And as always, JUTP is looking for guest posts. If you've got something to say, feel free to e-mail me at justupthepike at gmail dot com.
If you’ve been outside of your home in the last decade you know that our roads, buses and trains are at their breaking point. Whether it’s sitting in traffic on the beltway (DC or Baltimore, both work for our purposes) or watching a full Metro train pass you by, you know something needs to be done. This may come as a shock but the ICC hasn’t solved all of our transportation problems. Maybe it’s time to actually have an adult conversation and get serious before something crumbles and people die.
Let’s discuss the wonderful world of Maryland transportation. Maryland pays for transportation projects in a variety of ways. Sometimes we use bonds. The Maryland Transportation Authority sells bonds and uses GARVEE bonds (look it up). Sometimes we pay cash. The Maryland General Fund or Transportation Trust Fund (TTF) are huge sources of money. And if Uncle Sam is feeling generous, the federal treasury helps foot the bill too. It doesn’t hurt that Marylanders send 18.4 cents per gallon of gas straight down 16th Street to the Treasury Department.
I’d like to focus on the Transportation Trust Fund for the time being because size matters and the TTF is the biggest source of revenue.
What is the Transportation Trust Fund? It is a “dedicated” fund started in 1971 that finances the Maryland Department of Transportation (MDOT). The TTF gets its money from the gas tax, excise taxes, motor vehicle fees (registrations, licenses and other fees), federal aid, corporate income taxes, operating revenues (e.g., transit fares, port fees, airport fees), and bond proceeds. MDOT uses the money to maintain and operate roads, bridges, trains, airports, sea ports, and buses. Pretty straightforward.
So why does the TTF need additional revenues? Easy. Two main reasons: 1) the fund’s primary source of revenue, the gas tax, is the same as it was in 1992, 23.5 cents, and 2) since 2003, the state stopped giving counties and localities their portion of the funds and paid other bills with the money instead. Reason 2 has been characterized as transfers, reallocations, adjustments, raiding or even stealing. At the end of the day, our government took about $1 billion it was supposed to spend on roads, bridges and trains, and spent it on other stuff. Oops.
Fast forward to right now and we’ve got more people to move around and less trains, buses and roads to do it. Oh, and our bank account is running pretty low. Enter the gas tax. Last fiscal year the gas tax brought in $746 million. Governor O’Malley proposed the proposal of the Blue Ribbon Commission on Maryland Transportation Funding that nets the most amount of money which would be to apply the 6% sales tax to the retail price of fuel. That brings us about $600 million. It’ll cost someone who drives a lot about $150 per year and will probably save them more than that in wear and tear. It pays all the back money we owe to the counties and Baltimore City in a year and a half and gives us the spending power to not only make sure bridges don’t collapse, but construct a modern transportation system.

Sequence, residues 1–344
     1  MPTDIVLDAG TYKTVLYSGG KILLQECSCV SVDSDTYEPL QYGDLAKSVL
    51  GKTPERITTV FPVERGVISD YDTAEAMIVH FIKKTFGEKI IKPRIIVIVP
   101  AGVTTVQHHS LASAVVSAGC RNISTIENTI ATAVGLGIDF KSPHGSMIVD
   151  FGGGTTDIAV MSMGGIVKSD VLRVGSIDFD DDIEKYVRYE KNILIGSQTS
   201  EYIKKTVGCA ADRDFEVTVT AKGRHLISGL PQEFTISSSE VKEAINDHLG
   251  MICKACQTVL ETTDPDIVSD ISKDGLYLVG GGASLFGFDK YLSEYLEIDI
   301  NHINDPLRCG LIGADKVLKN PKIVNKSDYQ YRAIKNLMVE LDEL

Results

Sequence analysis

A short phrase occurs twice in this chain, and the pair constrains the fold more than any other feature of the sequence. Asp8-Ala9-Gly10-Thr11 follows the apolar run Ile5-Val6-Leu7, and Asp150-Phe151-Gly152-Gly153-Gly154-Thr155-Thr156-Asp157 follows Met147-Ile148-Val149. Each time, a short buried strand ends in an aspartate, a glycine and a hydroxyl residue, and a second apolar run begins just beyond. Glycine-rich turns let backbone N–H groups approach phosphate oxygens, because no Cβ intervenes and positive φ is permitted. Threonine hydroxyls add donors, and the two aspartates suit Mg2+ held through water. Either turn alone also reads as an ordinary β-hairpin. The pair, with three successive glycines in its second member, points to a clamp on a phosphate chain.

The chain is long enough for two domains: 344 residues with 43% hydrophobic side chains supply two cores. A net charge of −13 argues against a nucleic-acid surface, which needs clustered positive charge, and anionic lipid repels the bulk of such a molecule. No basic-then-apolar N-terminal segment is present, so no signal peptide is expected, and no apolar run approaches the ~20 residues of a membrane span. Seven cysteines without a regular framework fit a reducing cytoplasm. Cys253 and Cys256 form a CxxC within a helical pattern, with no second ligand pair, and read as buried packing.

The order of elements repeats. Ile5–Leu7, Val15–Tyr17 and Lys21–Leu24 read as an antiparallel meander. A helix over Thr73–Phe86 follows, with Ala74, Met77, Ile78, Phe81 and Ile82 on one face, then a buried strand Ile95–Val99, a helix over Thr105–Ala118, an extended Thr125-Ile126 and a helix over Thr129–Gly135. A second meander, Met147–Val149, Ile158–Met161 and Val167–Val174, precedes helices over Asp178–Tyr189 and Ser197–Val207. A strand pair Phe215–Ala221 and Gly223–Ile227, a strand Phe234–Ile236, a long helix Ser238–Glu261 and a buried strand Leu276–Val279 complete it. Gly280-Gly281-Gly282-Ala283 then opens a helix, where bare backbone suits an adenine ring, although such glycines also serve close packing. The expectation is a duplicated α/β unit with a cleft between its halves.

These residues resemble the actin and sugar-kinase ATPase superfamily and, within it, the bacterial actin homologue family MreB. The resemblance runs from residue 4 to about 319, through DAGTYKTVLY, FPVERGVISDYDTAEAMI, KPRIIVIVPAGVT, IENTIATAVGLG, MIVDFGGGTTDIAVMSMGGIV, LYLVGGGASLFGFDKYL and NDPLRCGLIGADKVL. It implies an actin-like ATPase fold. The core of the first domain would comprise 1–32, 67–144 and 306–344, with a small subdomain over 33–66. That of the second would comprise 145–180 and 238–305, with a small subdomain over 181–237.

It is big, it is bold, it is decisive, it could bring Maryland back into the game with the proverbial “one swing of the bat.” You should absolutely not support it . . . yet.
Imagine walking into a restaurant and the host asks you to pay $25 per person. The catch is that there is no guarantee that you’ll be seated, get food or be allowed to stay. That’s what Governor O’Malley is asking you with the gas tax. He is asking you to pay more but not assuring you that the money will go directly towards transportation projects or would ever be spent on infrastructure. The Blue Ribbon Commission nailed it on the head in their first recommendation to restore trust to the Trust Fund: enact laws that prevent money from being taken out of the TTF for non-transportation reasons ever again.
If he can guarantee that, let’s go back to the restaurant analogy and ask to see the menu. Can we have the Purple Line and Rapid Transit Vehicles in Montgomery County, Red Line in Baltimore, Corridor Cities Transitway to Frederick, smarter traffic lights, bike lanes, and an easier trip to Ocean City for dessert? After a meal like that, I would be ready to pay the bill.
We should make our Governor make the case of why we need to pay more at the pump. Marylanders need to know what transit projects are going to be engineered and built, which roads will be paved, and where train tracks are going to be laid. We’re being asked to take money from our bank account and put it in Maryland’s bank account and that’s OK. I just want to make sure that my money and your money will result in all of us spending less time getting to and from work and more time with our families or if you don’t like your family, somewhere else you enjoy being.
When our Governor speaks up and tells us why we need to pay more, what we’ll specifically be paying for and how much it will cost us, then we should support him because by supporting his plan, we’ll really be helping ourselves.